Tuesday, August 09, 2005

10 ways to raise your credit score

Maintaining good credit is a fine balance. Your credit score can drop if you have too many credit cards, too few credit cards, if you close too many accounts, if you open too many accounts, if you have too much debt, if you have too little debt, the list goes on. The converse is also true. Just as a number of things can lower your credit score, there are a number of things that can raise them too so if your score is below 720 (the national median that mortgage companies use to decide who gets what interest rate) take heart; there's hope.

The first thing anyone setting out to improve their credit score should do is to understand how they are calculated. There are 5 major factors that make up your credit score:

35% payment history
30% amount owed
15% length of credit history
10% credit history overall
10% types of credit

That is, 35% of your score comes from your recent payment history and 30% from your outstanding balance and so on and so forth. It's not quite as simple as that because within each category there are further factors that influence your score. For example, although payment history overall gets 35%, your current payment patterns carry far more weight than your payment habits of 5 years ago. This is both good and bad. It's good because even if you have been late with payments in the past provided you keep paying your bills on time you will see your score improve each year. It's bad because even if you have had been meticulous about paying all your bills all your life a recent slip (meaning a late payment in the last 24 months) can result in a severe penalty and lower your score by as much as 50-100 points.

MyFico.com has some excellent articles that explain your credit score and also offers a free credit score simulator where you can see how your score will improve over time if you make certain changes like paying off the account balance on one credit card first vs another. If you haven't yet I suggest signing up for it and using the tool to analyze your current credit record to identify areas where you can improve. If you are not ready for that hassle yet here are 10 relatively uncomplicated ways you can raise your credit score:

1) Pay all your bills on time. If you can't make full payment, at least make the minimum payment. As you can see from the 5 major factors that make up your credit score section above, timeliness of payment carries more weight than your outstanding balance.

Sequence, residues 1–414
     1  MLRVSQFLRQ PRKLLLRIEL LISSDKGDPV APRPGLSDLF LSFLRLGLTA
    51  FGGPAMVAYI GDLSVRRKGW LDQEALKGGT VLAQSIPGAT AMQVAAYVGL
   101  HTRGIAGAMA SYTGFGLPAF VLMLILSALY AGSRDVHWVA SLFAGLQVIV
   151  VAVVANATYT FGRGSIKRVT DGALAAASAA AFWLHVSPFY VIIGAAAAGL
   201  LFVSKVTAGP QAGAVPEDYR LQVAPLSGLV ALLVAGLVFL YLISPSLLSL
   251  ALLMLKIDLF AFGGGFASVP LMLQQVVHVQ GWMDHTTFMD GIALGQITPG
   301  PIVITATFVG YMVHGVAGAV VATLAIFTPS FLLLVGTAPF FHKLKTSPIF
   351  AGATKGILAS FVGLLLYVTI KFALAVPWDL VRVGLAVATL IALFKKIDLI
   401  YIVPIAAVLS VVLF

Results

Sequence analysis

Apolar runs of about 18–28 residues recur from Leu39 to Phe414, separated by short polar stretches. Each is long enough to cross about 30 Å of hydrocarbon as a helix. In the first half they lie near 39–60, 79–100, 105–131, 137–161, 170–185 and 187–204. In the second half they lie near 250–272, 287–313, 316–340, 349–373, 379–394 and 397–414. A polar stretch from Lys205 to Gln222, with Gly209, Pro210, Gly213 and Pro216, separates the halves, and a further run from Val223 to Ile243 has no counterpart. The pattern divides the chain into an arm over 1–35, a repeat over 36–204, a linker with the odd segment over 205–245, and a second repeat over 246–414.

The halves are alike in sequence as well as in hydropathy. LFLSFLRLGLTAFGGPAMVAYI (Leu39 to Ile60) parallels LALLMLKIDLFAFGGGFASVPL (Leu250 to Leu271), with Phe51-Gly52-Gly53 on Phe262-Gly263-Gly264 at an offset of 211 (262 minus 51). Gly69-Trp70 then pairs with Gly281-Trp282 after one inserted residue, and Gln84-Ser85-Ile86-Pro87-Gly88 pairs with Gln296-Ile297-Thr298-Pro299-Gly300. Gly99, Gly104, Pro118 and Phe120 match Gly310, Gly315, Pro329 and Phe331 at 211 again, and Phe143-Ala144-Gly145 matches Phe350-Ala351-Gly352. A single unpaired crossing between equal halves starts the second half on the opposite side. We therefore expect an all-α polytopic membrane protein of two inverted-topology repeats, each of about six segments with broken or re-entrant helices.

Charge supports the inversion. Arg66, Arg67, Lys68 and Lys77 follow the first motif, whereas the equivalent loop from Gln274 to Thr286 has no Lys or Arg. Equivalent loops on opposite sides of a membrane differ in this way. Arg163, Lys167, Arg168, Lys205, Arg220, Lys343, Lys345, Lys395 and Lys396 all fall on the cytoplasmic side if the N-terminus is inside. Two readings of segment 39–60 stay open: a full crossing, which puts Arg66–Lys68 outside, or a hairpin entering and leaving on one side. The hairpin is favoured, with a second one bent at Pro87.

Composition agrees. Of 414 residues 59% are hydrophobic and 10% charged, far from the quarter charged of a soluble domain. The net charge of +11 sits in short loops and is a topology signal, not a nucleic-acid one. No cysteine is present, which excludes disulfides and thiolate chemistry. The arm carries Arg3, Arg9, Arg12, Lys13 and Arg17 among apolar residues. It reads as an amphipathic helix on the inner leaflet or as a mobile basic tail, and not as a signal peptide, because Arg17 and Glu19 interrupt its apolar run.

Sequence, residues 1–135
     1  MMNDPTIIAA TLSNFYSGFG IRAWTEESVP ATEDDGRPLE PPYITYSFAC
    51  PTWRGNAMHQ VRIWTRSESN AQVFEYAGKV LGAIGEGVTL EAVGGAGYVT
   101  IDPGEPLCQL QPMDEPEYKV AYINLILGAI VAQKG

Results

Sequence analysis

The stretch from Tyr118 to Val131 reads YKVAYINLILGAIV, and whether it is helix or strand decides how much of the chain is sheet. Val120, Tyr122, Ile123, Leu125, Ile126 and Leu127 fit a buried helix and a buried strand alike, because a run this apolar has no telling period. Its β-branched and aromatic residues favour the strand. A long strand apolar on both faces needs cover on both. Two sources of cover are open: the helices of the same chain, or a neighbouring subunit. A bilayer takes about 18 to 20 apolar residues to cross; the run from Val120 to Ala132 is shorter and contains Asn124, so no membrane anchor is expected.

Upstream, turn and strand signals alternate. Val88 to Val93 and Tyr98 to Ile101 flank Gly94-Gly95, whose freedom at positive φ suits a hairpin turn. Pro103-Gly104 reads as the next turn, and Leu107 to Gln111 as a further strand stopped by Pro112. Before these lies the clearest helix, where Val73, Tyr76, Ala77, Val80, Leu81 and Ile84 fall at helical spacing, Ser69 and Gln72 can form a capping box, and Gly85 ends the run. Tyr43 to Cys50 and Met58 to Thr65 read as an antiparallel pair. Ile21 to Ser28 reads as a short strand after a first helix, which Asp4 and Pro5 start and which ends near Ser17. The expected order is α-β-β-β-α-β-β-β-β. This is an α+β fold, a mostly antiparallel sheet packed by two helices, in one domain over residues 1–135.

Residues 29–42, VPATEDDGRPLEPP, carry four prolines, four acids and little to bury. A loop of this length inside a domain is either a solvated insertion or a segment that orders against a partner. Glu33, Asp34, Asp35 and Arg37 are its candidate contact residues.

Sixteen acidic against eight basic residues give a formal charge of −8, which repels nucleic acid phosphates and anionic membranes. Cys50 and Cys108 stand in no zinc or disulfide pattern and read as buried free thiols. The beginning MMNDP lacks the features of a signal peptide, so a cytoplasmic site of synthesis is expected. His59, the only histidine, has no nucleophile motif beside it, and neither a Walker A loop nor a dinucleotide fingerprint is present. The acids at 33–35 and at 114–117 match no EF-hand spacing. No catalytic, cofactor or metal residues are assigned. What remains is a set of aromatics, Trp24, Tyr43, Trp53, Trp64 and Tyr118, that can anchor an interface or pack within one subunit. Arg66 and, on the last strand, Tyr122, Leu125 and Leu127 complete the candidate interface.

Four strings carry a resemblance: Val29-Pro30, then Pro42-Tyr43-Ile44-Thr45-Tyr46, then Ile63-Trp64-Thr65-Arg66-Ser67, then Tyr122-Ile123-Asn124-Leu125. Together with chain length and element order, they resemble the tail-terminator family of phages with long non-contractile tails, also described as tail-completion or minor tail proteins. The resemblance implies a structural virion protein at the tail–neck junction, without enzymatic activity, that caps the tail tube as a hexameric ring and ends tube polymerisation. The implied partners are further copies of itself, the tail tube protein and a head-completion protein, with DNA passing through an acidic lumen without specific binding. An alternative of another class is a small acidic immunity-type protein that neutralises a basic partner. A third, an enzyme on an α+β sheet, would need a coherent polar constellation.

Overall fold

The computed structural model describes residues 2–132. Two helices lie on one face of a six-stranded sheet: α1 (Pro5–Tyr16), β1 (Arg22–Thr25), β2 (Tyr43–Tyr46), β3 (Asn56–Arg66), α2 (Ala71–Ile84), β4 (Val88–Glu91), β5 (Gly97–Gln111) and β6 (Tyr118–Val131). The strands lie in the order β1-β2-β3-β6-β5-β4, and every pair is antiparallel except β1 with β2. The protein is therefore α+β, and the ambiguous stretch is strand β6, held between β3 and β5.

2) Pay delinquent or high-risk accounts first. If you have an account where you are already more than 30 days past due pay that first. If you have an account where you are carrying a balance dangerously close to your credit limit whereas you only carry a small balance on another card, pay the first card first even though you may be tempted to pay off the second in full. Creditors will see a near-limit credit balance as a bigger threat than two small balances on two cards.

3) Apply for different types of credit. Having a mortgage, a car loan, a bank card and 3 or 4 department store cards will actually make your score higher than having only department score cards even if your overall number of accounts is lower. I am not saying run out and buy a new car but just be aware how different types of credit affect your score.

4) Don't open any new accounts in the 12 months prior to applying for any major credit like a car loan or a mortgage. Don't close any old accounts either even if you are not using them because closing older accounts reduces your length of credit history which can count against you.

5) Don't close accounts if you are within a few months of applying for a loan. Any activity on your credit report can be viewed with a wary eye by a potential lender if it happens too close to the loan date. On the other hand if you have 10-12 months to go, go ahead and close newly opened accounts. Try to close newly opened accounts before older ones for the same reason outlined in #4 - length of credit history. If the newly opened accounts are department store accounts even better. Right after you close these accounts your credit score may take a slight downturn but at the end of twelve months your score should be higher than what it was before. One caveat - closing accounts lowers your total available credit and therefore raises your debt to credit ratio. Optimal D/C ratio is 0.5. That is, if your total available credit across all accounts is 50,000 your outstanding balance should be 25,000 or lower.